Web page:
The defendant, Josue Segura, was convicted by a Shelby County jury of first degree premeditated murder and was sentenced to life imprisonment. In this appeal, Segura argues that the trial court erred by denying his motion to suppress, by refusing to grant a second mental evaluation, and by allowing the State to introduce certain photographs of the victim. Segura also challenges the sufficiency of the evidence supporting his conviction. After a thorough review of the record and applicable authority, we affirm the judgment of the trial court.


STATE OF TENNESSEE v. GEORGE R. THACKER

Court: TN Court of Criminal Appeals

Attorneys:

James T. Bowman, Johnson City, Tennessee, for the appellant, George R. Thacker.

Robert E. Cooper, Jr., Attorney General and Reporter; Leslie E. Price, Assistant Attorney General; H. Greeley Wells, Jr., District Attorney General; Barry Staubus and Teresa Nelson, Assistant District Attorneys General, for the appellee, State of Tennessee.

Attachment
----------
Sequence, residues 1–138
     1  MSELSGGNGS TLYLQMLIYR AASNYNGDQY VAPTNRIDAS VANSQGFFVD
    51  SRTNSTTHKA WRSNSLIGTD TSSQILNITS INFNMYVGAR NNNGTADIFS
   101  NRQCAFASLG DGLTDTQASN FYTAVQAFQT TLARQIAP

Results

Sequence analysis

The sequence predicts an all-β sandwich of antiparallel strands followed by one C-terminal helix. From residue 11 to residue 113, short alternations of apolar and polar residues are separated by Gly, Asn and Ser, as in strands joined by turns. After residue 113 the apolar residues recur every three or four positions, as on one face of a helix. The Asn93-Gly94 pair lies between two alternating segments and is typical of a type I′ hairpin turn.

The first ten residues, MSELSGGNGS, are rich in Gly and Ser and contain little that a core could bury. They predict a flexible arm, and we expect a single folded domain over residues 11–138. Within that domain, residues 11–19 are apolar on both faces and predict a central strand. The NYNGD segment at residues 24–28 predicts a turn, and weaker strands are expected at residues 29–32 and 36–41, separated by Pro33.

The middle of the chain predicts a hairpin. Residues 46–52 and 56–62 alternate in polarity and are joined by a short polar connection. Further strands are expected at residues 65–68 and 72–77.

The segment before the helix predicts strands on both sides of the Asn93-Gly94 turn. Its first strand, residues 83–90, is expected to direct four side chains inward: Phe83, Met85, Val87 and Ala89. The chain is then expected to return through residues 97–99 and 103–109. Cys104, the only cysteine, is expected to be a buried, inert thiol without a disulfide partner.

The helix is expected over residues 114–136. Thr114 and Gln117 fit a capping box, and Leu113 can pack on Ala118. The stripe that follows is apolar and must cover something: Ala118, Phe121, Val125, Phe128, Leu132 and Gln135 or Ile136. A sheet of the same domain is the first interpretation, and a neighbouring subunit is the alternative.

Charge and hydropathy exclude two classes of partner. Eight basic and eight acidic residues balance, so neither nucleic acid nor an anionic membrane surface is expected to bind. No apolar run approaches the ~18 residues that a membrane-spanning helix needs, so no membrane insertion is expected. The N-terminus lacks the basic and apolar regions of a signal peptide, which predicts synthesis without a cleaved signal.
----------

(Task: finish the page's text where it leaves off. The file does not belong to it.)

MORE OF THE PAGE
Judge: WEDEMEYER

A Sullivan County jury convicted the Defendant, George R. Thacker, of solicitation to commit first degree murder, and the trial court sentenced him to eleven years as a Range I, standard offender. On appeal, the Defendant contends that the trial court erred when it declined to instruct the jury on the defense of entrapment and the law regarding accomplice testimony. After a thorough review of the record and relevant authorities, we affirm the judgment of the trial court.